Control Valve failure is a very famous issue while operating a process plant, whether this was in refineries, gas plants, petrochemicals, water treatment, or other chemical industries. This is because a control valve is an essential component that is existing abundantly in any process plant. Its failure shall have negative consequences on the operability and safety of the plant.
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Any plant will have control loops and control loops will use final control elements that adjust the flow based on the process parameter to be controlled (you can check out this article talking about control scheme tips and how it works). In order to adjust a process parameter, we will need a final control element. We will have a measuring device that will send a signal to the final control element to adjust the fluid flow based on the signal.A control Valve controlling vessel level or fluid temperature
Control valves represent the vast majority of final control elements. By changing the control valve opening, we can control the fluid flow, so we can finally reach the required set point of the controller.
Know more about control valve characteristics, hydraulics, calculate its pressure drop and choose its controlling cases.Learn More
The control valve acts to adjust the operating point in the pump curve and how it shifts the system curve to intersect with the pump performance curve on the operating point we need.
If there is no control valve here, the pump will face the minimum resistance which means much more flow than expected and may even lead to the end of the curve which is not a good operating condition for the pump in many cases.A control Valve adjusts pump Hydraulics and Reactor pressure
I have made a dedicated course for pump hydraulics where it plots the pump performance curve against the system curve and how the control valve on the discharge affects the pump operating point. You can check it out if you want more information about this subject.
The control valve here doesn’t just adjust the flow, but also the reactor pressure. The pressure here is a much more important factor to control because it will directly affect the reactor conversion which shall lead to an off-spec product.
So here it is not just a matter of controlling the process against some disturbance, but it is more related to adjusting the system hydraulics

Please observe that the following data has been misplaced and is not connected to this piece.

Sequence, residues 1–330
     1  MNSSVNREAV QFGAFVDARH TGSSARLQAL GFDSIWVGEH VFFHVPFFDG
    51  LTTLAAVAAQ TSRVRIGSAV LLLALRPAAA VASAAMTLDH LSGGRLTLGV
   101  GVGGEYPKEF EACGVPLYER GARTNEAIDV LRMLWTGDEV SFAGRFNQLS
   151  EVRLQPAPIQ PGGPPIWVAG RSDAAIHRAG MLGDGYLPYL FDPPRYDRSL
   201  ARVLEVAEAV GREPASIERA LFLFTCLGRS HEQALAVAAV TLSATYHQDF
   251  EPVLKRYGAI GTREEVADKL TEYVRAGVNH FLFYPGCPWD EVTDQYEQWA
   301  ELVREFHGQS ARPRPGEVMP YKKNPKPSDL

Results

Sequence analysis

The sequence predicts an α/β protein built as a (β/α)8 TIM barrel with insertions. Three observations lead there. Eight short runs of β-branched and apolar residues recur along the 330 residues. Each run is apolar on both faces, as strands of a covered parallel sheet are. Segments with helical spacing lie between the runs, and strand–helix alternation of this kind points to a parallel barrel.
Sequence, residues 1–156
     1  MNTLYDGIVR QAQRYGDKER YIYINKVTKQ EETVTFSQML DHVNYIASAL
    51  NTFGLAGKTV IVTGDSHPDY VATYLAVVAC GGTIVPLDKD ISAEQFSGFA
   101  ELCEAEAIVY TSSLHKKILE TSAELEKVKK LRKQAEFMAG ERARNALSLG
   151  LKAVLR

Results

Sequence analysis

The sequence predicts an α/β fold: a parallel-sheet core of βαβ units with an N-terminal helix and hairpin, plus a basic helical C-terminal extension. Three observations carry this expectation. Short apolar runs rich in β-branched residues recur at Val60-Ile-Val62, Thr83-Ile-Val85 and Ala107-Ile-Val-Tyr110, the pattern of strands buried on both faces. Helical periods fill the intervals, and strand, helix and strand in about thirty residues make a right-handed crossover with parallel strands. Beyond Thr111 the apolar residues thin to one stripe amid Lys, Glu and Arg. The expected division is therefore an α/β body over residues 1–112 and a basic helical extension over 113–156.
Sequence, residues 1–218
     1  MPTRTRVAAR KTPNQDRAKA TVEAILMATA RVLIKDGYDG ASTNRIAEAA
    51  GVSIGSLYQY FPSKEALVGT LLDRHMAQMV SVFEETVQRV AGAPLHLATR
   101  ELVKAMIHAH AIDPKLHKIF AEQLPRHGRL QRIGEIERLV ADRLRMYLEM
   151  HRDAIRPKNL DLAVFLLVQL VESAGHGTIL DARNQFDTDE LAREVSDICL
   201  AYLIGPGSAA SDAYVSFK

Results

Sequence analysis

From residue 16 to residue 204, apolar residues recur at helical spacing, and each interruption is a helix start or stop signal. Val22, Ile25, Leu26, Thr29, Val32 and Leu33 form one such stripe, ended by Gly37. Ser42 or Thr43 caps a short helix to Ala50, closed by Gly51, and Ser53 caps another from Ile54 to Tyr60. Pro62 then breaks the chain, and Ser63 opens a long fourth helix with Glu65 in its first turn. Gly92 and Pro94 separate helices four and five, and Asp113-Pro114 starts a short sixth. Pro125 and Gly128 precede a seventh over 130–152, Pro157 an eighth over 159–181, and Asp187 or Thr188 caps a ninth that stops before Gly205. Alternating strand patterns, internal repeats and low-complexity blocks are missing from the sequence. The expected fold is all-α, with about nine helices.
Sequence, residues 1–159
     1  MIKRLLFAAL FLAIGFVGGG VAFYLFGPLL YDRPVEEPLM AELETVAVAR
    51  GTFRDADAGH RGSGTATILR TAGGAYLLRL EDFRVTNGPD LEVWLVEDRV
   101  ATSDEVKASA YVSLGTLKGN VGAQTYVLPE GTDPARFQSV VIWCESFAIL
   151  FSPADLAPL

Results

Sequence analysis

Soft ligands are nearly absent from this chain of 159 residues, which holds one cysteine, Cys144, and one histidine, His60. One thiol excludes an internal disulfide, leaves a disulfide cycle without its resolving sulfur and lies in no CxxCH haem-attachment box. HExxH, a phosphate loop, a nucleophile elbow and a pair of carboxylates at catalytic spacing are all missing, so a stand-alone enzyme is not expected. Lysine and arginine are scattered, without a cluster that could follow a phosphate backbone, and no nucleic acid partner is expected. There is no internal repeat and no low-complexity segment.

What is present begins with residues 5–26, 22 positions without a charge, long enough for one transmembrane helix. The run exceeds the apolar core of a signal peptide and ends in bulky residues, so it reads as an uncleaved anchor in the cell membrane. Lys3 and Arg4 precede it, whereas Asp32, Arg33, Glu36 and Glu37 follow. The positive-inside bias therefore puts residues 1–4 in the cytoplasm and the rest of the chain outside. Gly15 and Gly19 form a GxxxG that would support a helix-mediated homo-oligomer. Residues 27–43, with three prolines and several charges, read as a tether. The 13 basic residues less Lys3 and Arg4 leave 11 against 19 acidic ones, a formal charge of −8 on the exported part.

Still, the valves are working as a final control element receiving a signal from the flow or the pressure controller in their control loop.
in a propane cycle, after we compress the propane gas, then cool it. It becomes a liquid under high pressure and around the room temperature. When we drop the pressure, the temperature falls immediately. This is done using a control valve.
So here the control valve is an essential part of the process. We notice here that the control valve will still be used to control a variable and act as a final control element. This may be flow or level or temperature or pressure depending on the process itself.
Control valves are equipped with actuators to move the valve stem upwards and downwards based on the signal received from the controller. Actuators are mostly pneumatic, which means that they drive power for the valve operation through pressurized air. This means that any plant would need an instrument air compressor and piping header to all control valves in the plant.
So what if, for any reason, the instrument air system fails? This means that there shall be no air supply to the valve and the actuator won’t work. So the valve would be either totally open or totally closed or that it stays in its last position. This means that we should be ready for this scenario.
When the instrument air supply is cut, would it be safe that the valve is fully open or that it shall be fully closed or that it stays at the last position? This should be determined case by case. In the same plant, we may have valves with a fail open action, others with a fail closed action and sometimes failing in the last position. But at the end, we should ensure that the valve fail action shall be the fail safe position, which is the position that will be more safe for the plant.
Although air failure is the most common reason of control valve malfunctioning, there is also a probability of mechanical failure. So for example if the valve stem was stuck open or closed, then this would mean that the air supply wouldn’t help, and we won’t get the valve at its fail safe position. So sometimes, we will even need an external protection for the upstream or downstream equipment to prevent any potential damage due to valve failure.
So if we want to ensure that the plant shall not have any safety issue if the control valve failed, we should consider the below:
So if the air supply was cut, the valve should be in fail safe position. This is a parameter that should be considered in the design phase. To choose the appropriate fail action, we should look at our system, would it be more safe if the valve opens or if it was closed?
Let’s take for example a pump case, we are showing here the pump control and protection in the P&ID drawing we have prepared before: